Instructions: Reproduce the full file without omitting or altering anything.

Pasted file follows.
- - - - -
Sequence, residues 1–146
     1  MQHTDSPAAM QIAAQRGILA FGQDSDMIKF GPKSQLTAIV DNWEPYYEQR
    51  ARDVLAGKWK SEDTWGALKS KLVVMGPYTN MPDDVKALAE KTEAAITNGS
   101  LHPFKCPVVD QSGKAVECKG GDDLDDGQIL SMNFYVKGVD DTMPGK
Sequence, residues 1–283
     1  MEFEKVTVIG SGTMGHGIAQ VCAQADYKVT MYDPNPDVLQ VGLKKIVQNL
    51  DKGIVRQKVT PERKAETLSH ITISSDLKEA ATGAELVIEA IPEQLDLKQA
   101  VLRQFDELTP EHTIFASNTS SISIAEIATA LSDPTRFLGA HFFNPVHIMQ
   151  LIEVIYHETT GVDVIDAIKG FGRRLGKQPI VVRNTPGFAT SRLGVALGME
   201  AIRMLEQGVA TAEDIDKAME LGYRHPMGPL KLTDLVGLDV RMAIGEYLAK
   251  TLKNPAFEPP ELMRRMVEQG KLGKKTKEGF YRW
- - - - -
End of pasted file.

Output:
Sequence, residues 1–146
     1  MQHTDSPAAM QIAAQRGILA FGQDSDMIKF GPKSQLTAIV DNWEPYYEQR
    51  ARDVLAGKWK SEDTWGALKS KLVVMGPYTN MPDDVKALAE KTEAAITNGS
   101  LHPFKCPVVD QSGKAVECKG GDDLDDGQIL SMNFYVKGVD DTMPGK
Sequence, residues 1–283
     1  MEFEKVTVIG SGTMGHGIAQ VCAQADYKVT MYDPNPDVLQ VGLKKIVQNL
    51  DKGIVRQKVT PERKAETLSH ITISSDLKEA ATGAELVIEA IPEQLDLKQA
   101  VLRQFDELTP EHTIFASNTS SISIAEIATA LSDPTRFLGA HFFNPVHIMQ
   151  LIEVIYHETT GVDVIDAIKG FGRRLGKQPI VVRNTPGFAT SRLGVALGME
   201  AIRMLEQGVA TAEDIDKAME LGYRHPMGPL KLTDLVGLDV RMAIGEYLAK
   251  TLKNPAFEPP ELMRRMVEQG KLGKKTKEGF YRW